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Avian Influenza – Bird Flu

Bird flu infections are unusual in mammals, including humans. Beginning in the spring of 2024, there has been a large outbreak of bird flu among dairy cattle in several states. Three dairy workers have been infected after interacting with sick cows, one in Texas and two in Michigan. (Last Updated 6/17/2024)

Risk to the public is currently considered low.

What is avian influenza A(H5N1)?

  • Avian influenza A (H5N1) is a contagious viral disease that widely affects wild and domestic birds. It is a type of bird flu.
  • There are several viral subtypes of bird flu, one of which is A(H5N1).
    • The “A” means “Influenza A”.
    • The H and N refer to different structures on the surface of the virus.
  • From 1997 through 2023, about 900 people had been infected with H5N1 globally.
    • Thankfully, not a lot of people are infected each year, and the disease doesn’t seem to infect people easily.
    • But of those that are infected, about 50% die.

Recent History of Bird Flu in the U.S.

  • In 2022, the A(H5N1) subtype of bird flu was detected in wild birds in the U.S.
  • In 2022 and 2023, H5N1 caused outbreaks in commercial and backyard poultry flocks around the country.
  • In March 2024, H5N1 was detected in goat kids and dairy cows for the first time.
  • In early April 2024, a person who worked on a dairy farm in Texas tested positive for H5N1. Then in May 2024, two dairy workers from Michigan tested positive.
  • For the most up to date numbers of impacted dairy herds and affected states, please see CDC’s Current Situation Summary.

Risk to the Public

  • The risk H5N1 poses to the general public is considered low.
  • However, people who have contact with sick or dead animals (especially birds), or with any lactating dairy cows may be at higher risk than the general public.
    • “Contact” includes interacting with a sick/dead animal or with contaminated materials in the animal’s environment like manure, bedding, and tools that have touched raw milk.
  • It is important to note that dairy cows may be infected and able to spread H5N1 but not show symptoms.
    • Testing of dairy cows is not widespread right now so we don’t yet know how often asymptomatic infections happen in dairy cows.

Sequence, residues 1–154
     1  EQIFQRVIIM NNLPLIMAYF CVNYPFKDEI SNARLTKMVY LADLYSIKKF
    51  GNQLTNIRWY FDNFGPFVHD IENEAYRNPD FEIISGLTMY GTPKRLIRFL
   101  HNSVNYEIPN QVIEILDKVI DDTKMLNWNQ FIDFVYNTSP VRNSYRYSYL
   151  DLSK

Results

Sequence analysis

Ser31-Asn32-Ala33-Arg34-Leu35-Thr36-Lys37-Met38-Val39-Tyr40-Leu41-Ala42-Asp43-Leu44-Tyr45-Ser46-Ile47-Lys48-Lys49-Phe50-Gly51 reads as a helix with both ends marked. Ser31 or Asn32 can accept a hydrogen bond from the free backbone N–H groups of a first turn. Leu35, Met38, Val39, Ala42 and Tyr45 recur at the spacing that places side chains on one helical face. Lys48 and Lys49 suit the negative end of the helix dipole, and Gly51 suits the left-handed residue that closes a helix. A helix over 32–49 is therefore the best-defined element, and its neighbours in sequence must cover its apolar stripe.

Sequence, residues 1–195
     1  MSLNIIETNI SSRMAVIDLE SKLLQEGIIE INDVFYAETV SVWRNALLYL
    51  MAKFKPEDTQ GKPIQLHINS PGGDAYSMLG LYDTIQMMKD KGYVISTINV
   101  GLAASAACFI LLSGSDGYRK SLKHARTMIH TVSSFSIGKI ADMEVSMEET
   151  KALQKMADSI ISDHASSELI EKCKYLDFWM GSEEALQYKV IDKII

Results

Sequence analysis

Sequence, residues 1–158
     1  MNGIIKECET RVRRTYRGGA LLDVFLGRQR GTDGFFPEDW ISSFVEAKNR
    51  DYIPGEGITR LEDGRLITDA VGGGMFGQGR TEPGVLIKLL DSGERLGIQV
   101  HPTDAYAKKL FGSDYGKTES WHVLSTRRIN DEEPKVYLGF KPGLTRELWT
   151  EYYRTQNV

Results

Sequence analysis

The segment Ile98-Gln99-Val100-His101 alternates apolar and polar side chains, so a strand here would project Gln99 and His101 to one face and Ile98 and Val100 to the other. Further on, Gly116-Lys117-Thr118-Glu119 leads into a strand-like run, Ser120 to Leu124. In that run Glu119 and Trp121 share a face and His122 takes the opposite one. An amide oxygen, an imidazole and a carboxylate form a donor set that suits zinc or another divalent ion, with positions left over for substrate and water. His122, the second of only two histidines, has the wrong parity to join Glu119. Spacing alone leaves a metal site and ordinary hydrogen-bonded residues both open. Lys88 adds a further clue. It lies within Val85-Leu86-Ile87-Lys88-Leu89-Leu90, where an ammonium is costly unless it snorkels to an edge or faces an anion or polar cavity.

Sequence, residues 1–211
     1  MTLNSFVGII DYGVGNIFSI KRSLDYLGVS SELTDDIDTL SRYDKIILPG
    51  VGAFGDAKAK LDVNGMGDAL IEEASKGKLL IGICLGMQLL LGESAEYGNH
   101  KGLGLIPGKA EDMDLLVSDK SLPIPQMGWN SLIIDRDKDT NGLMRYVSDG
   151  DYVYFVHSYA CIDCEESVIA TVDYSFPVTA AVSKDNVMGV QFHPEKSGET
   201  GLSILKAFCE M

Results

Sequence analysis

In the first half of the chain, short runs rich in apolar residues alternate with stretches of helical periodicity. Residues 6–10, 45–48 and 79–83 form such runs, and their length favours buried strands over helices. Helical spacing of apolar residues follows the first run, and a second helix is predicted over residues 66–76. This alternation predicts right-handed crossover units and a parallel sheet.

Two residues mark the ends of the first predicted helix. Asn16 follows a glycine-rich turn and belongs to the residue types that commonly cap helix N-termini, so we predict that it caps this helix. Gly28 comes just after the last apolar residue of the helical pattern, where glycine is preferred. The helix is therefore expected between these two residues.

• Consumption of dairy products made with unpasteurized (untreated) milk, also known as raw milk, may be a risk factor. The FDA is still researching this and OSE will update this page as we learn more.
    • Consuming foods made with raw milk is known to increase your risk of gastrointestinal illness from germs like Salmonella and E. coli.
    • Consuming products made with pasteurized dairy is considered safe.

Bird Flu and Nevada

  • There have been no detections of H5N1 in either dairy cows or people in Nevada so far, but there have been detections in dairy cows in nearby states.
  • To see a summary of the most recent detections of H5N1 in wild birds in Nevada, click here. To see a summary of the most recent detections of H5N1 in domestic poultry in Nevada, click here.
  • In late April 2024, the U.S. Department of Agriculture issued a Federal Order to test lactating dairy cows for H5N1 prior to any interstate movement.
    • This requires that any lactating dairy cows coming into Nevada are tested before transport.

Symptoms in Humans, Birds, and Cattle

  • H5N1 infections can vary in severity in animals and humans, from asymptomatic infection with no noticeable symptoms, to severe disease and death.
  • Symptoms of H5N1 infections in humans may include:
    • Eye redness (conjunctivitis) – this has been the only reported symptom in two of the three human cases.
    • Fever (temperature of 100oF [37.8oC] or greater) or feeling feverish
    • If you develop symptoms in the 10 days after you had contact with an infected or potentially infected animal, contact your healthcare provider and be sure to mention your animal contact.
    • You can read more about common symptoms of H5N1 in dairy cattle and in birds on the American Veterinary Medical Association’s website.
    • Cough
    • Sore Throat
    • Runny or stuffy nose
    • Muscle or body aches
    • Headaches
    • Fatigue
    • Shortness of breath or difficulty breathing
  • Less common symptoms include diarrhea, nausea, vomiting, or seizures

Preventative Measures

  • Avoid consuming raw milk or food products made with raw milk.
  • Be sure to cook meat to the proper temperature.
    • For beef: 160°F for ground beef and 145°F for steaks and roasts
    • For chicken: 165°F for all cuts
  • If you find any dead wild birds, do not handle them. Report dead wild birds to the Nevada Department of Wildlife using this form.
  • Report any sick or dead backyard birds to the Nevada Department of Agriculture using this email address: Diseasereporting@agri.nv.gov
    • If you must handle sick or dead backyard birds, make sure to use protective equipment such as disposable gloves, safety goggles, rubber boots, and a mask.
  • Thoroughly wash your hands after interacting with animals.
    • Wash hands vigorously for at least 20 seconds with soap and water. Dry your hands with a disposable paper towel.
  • Stay informed by periodically checking the OSE website and the additional resources listed below!

Additional Resources

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